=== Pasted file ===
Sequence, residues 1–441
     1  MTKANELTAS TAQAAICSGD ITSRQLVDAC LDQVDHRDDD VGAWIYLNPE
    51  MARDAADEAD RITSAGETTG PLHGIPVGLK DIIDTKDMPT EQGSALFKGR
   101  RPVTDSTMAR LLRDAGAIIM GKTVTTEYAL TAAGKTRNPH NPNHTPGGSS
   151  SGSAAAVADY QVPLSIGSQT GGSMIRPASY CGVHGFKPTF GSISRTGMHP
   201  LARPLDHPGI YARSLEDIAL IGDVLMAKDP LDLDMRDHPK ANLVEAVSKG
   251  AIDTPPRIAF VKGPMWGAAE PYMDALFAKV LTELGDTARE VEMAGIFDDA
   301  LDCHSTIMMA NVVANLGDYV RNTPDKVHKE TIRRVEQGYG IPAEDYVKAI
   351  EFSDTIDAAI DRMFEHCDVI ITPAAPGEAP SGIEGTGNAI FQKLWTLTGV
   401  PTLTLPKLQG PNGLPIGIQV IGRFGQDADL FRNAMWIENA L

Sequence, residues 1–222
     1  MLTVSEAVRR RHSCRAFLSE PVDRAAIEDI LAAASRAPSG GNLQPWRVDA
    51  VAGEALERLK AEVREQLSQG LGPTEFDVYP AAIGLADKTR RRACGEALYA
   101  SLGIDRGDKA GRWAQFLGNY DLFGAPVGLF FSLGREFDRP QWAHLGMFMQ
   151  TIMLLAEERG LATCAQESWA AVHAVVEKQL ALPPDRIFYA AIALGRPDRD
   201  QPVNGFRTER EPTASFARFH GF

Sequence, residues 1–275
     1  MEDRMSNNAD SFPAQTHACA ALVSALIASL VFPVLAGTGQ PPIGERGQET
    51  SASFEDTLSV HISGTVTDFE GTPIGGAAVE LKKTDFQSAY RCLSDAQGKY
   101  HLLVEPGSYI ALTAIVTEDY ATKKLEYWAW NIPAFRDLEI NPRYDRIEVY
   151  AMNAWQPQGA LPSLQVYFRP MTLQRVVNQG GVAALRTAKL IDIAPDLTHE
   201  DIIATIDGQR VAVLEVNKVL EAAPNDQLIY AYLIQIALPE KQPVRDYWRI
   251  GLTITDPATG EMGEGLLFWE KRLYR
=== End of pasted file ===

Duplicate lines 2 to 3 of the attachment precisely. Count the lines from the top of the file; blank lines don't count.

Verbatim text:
     1  MTKANELTAS TAQAAICSGD ITSRQLVDAC LDQVDHRDDD VGAWIYLNPE
    51  MARDAADEAD RITSAGETTG PLHGIPVGLK DIIDTKDMPT EQGSALFKGR